Snagged the first journalists’ demo of the new JooJoo (formerly CrunchPad) Web slate on Fusion Garage CEO Chandra Rathakrishnan’s San Francisco media tour. Quick impressions: yeah, this is a really cool device. Everyone reading a tech site like CNET will want one. But will they pay the $499 going price for it? We don’t think so.
The JooJoo Web slate is based around a 12.1-inch diagonal 720p capacitive touch screen. The specs include: 1366×768-pixel resolution, a built-in camera, mic, and speakers, one USB port, and a card slot. There’s 4GB of cache memory. What’s the processor? Rathakrishnan wouldn’t say. He also won’t say who makes the touch screen.
Steve Jobs said people don’t read any more. But Apple is in talks with several media companies rooted in print, negotiating content for a “new device.” And they’re not just going for e-books and mags. They’re aiming to redefine print.
Several years ago, a modified version of OS X was presented to Steve Jobs, running on a multitouch tablet. When the question “what would people do with this?” couldn’t be answered, they shelved it. Long having established music, movie and TV content, Apple is working hard to load up iTunes with print content from several major publishing houses across several media.
Two people related to the NYTimes have separately told me that in June, paper was approached by Apple to talk about putting the paper on a “new device.” The R&D labs have long worked on versions of the paper meant to be navigated without a keyboard or mouse, showing up on Windows tablets and on multiple formats using Adobe Air. The NYTimes, of course, also publishes via their iPhone application. Jobs has, during past keynotes, called the NYTimes the “best newspaper in the world.”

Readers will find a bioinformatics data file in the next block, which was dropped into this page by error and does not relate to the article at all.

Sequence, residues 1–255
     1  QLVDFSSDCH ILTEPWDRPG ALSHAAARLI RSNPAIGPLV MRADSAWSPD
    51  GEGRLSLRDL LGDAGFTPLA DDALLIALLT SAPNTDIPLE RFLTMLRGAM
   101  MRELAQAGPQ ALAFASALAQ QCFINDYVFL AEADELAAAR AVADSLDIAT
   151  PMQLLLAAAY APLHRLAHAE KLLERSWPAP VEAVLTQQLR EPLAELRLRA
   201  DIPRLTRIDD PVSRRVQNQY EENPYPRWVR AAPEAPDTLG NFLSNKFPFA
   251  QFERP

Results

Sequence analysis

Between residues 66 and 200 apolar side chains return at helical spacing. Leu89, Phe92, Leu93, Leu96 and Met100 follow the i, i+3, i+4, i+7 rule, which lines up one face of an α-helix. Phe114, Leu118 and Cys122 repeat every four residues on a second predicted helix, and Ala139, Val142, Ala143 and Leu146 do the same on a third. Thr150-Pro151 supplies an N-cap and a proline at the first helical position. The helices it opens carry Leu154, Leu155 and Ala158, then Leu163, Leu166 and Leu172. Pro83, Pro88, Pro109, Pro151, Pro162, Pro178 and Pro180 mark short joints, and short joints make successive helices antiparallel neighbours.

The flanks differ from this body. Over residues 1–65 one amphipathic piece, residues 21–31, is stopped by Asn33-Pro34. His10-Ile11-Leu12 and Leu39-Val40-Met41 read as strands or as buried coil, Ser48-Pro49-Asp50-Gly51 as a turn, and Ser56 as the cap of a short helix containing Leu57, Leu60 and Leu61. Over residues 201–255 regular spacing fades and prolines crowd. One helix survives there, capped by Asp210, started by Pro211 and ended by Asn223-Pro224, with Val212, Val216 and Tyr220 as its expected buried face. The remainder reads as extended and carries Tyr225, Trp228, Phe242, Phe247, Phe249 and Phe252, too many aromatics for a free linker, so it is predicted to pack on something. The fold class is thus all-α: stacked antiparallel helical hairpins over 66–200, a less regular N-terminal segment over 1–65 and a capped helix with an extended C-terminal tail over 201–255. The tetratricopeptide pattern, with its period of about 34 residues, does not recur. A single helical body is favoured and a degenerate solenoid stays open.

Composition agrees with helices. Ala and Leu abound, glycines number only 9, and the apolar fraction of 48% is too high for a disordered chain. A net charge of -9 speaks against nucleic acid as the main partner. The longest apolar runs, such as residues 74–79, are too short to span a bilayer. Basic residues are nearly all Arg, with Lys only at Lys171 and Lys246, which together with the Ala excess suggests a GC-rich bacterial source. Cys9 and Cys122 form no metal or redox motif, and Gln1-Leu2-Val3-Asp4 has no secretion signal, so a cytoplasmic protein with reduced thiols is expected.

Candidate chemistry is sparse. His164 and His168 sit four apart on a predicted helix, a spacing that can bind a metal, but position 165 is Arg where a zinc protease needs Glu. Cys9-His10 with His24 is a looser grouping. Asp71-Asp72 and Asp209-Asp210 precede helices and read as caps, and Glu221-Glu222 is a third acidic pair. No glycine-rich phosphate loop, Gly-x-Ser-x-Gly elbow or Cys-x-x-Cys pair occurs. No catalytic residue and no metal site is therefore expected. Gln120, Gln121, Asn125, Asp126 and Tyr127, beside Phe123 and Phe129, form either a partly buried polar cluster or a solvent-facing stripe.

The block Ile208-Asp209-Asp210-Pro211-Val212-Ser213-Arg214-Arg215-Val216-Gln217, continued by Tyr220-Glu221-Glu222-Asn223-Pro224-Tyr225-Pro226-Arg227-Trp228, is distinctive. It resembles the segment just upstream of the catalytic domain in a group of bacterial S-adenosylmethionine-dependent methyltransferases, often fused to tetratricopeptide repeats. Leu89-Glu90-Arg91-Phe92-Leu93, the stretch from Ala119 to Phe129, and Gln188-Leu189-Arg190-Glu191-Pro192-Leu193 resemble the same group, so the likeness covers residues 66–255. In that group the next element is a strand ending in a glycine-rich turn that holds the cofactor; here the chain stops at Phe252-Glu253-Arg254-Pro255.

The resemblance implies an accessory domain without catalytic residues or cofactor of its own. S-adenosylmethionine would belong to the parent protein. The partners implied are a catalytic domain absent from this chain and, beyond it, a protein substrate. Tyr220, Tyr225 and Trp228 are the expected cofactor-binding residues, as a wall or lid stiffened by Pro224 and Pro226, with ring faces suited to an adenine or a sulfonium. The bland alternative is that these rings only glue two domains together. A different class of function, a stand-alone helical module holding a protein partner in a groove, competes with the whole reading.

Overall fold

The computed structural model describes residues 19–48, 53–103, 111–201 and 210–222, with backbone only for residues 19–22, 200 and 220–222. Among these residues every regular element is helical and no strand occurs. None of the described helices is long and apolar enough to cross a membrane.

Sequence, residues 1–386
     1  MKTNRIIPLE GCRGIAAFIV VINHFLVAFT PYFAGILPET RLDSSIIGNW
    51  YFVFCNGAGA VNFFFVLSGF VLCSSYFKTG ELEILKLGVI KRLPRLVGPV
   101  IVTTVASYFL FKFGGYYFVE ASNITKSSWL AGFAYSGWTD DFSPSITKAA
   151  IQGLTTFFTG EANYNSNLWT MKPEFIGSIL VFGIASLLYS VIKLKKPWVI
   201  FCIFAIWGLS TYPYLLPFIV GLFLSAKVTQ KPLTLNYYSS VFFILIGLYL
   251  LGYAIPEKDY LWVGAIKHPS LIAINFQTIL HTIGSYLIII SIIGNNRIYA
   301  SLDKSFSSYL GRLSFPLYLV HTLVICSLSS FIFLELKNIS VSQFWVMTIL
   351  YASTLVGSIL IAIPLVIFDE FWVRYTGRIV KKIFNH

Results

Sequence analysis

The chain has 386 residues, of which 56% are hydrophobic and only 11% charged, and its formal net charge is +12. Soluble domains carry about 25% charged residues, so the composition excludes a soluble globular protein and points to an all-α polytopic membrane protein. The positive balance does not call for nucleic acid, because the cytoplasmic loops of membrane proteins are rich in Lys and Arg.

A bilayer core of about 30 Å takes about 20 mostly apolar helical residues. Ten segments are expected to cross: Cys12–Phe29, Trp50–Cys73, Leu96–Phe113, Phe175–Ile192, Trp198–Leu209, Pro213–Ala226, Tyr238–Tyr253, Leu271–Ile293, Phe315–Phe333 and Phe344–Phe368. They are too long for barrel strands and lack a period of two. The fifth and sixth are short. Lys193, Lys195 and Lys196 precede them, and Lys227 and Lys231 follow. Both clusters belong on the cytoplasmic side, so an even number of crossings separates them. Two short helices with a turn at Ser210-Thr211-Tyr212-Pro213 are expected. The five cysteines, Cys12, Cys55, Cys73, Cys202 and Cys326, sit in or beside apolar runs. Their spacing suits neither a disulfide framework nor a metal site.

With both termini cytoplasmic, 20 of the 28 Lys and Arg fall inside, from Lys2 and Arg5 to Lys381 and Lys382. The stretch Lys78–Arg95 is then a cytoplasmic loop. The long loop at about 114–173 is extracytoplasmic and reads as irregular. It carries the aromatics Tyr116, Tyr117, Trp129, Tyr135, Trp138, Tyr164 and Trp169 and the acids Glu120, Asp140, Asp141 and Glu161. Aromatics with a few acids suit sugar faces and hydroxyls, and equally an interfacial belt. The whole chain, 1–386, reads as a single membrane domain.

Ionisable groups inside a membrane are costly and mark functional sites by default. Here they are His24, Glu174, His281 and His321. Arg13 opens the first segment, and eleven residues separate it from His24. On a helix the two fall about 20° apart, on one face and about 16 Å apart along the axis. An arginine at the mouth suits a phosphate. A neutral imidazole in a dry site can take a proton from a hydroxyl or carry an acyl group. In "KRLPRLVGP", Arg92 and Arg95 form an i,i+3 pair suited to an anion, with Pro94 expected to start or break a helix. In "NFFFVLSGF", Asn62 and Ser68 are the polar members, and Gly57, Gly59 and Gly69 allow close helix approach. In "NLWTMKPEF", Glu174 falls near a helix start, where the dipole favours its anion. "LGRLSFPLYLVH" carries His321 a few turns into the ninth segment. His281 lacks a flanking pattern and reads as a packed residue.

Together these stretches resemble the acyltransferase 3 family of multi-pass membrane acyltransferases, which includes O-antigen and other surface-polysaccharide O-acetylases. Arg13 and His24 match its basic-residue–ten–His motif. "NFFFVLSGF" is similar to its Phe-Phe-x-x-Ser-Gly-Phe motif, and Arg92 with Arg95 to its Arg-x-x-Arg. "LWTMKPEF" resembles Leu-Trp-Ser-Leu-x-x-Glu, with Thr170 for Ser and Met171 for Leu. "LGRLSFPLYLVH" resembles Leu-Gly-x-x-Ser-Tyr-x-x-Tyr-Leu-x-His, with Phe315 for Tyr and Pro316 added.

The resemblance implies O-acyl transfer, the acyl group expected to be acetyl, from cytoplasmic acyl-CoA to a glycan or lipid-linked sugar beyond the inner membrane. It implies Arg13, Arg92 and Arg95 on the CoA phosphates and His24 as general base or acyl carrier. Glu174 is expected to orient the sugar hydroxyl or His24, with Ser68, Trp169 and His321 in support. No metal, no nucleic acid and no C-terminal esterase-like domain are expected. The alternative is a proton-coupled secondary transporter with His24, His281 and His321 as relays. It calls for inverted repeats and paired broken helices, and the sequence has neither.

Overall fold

Via Bits NYT If you were gearing up to launch a tablet computer — and these days, who isn’t? — who would you hire to market it? One obvious candidate would be Michael Tchao, one of the original developers of Apple’s groundbreaking but failed Newton personal digital assistant. Mr. Tchao joined Apple on Monday as … Leggi tutto
We have entered an era of the thin and light computer and, rather than worrying about power we’ve become obsessed with the concept of thinness. This is why Apple, in their wisdom, created the MacBook Air and the iPod Touch. This is the same reason we are all salivating over the thought of tablets thinner than an issue of BusinessWeek and this is why laptop manufacturers – and Michael Arrington – are rushing to make them.
Via Gizmodo Courier is a real device, and we’ve heard that it’s in the “late prototype” stage of development. It’s not a tablet, it’s a booklet. The dual 7-inch (or so) screens are multitouch, and designed for writing, flicking and drawing with a stylus, in addition to fingers. They’re connected by a hinge that holds … Leggi tutto
Just a few months after Steve Jobs had a liver transplant, the Apple Inc. chief executive is once again managing even the smallest details of his company’s products, this time focused on a new tablet device.
Since his return in late June, the 54-year-old has been pouring almost all of his attention into a new touch-screen gadget that Apple is developing, said people familiar with the situation.
Those working on the project are under intense scrutiny from Mr. Jobs, particularly with regard to the product’s advertising and marketing strategy, said one of these people. The people familiar with the matter declined to give details on the tablet or disclose when the device would come out.